On day two the feeling of anticipation was more intense as we waited to see what the memory card from the new cameras would reveal. I waited at camp that day and enjoyed sitting comfortably in a large chair, writing my diary amongst the tiny yellow flowers that were growing inside the tent. Late afternoon I watched out of the window hoping for the snow storm to pass and a glimpse of the team returning safe and well. I wanted to time the hot meal and tea so it would be ready on their arrival. The plov was ready and the tea gently brewing when I received the radio message that they would soon be at camp. As they walked into the tent I tried to gauge the expression on their faces for signs of hope or sorrow. To my surprise, despite spending hours walking through the wind that whipped and tugged and the sharp stones that sliced beneath feet and paws they declined a cup of warming tea in their impatience to check the memory card for the much hoped for photographs of snow leopard.
There they were; the photographs that displayed the characteristic behaviour of the majestic beast. In one photograph the snow leopard seemed to be staring at the camera with its tongue sticking out. Was that an aggressive gesture? Could the snow leopard be sticking its tongue out at Sergei? “No”, he said, “They do that when they pick up the scent of another snow leopard”. So, there’s more than one out there, I thought. It was a happier evening at camp that day and we watched ‘The Life of Pi’ on Sergei’s ipad.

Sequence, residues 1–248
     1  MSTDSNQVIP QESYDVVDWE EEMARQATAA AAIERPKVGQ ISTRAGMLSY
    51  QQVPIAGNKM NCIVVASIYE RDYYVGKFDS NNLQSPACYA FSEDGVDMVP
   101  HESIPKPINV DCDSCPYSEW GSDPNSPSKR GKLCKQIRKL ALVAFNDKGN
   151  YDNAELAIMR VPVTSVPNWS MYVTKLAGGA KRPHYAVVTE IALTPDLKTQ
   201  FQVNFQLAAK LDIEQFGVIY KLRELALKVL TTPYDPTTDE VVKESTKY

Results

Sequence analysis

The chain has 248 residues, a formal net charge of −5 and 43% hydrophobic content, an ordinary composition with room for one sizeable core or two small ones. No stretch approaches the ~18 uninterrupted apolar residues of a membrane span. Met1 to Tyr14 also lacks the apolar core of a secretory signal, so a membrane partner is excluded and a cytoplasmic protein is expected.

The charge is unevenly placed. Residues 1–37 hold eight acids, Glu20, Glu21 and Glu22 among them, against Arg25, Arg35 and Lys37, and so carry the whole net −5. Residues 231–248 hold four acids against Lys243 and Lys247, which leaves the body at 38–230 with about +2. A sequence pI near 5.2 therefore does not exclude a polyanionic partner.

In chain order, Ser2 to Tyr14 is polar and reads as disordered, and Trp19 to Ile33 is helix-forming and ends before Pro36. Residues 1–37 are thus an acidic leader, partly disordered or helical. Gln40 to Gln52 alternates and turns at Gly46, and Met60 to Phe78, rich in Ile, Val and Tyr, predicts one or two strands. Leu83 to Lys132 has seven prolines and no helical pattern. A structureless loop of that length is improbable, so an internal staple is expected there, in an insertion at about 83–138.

On the final day of our expedition in the mountains I stayed back at camp again. The weather had cleared so I set off on a walk to explore.
I couldn’t help thinking about how Sergei had never once seen a snow leopard in the wild and how in contrast, my searching had been rewarded with thousands of rock art images. The moment of discovery was always sudden as I tended to come across images accidentally spotting a petroglyph from just a couple of steps away. Sometimes being so unexpectedly confronted with the laconic beauty of a deer would make my heart leap, or the shock of discovering a masterpiece in a landscape with no other sign of ancient civilization would make my tired legs give way underneath me. That said, I knew I could never meet the master of the ancient art. How many times had I felt so close to the veil that divides time and prayed for just one moment of shamanic download that would give me a glimpse of those human hands and knowledge of the true meaning of the images that would finally release me from guessing.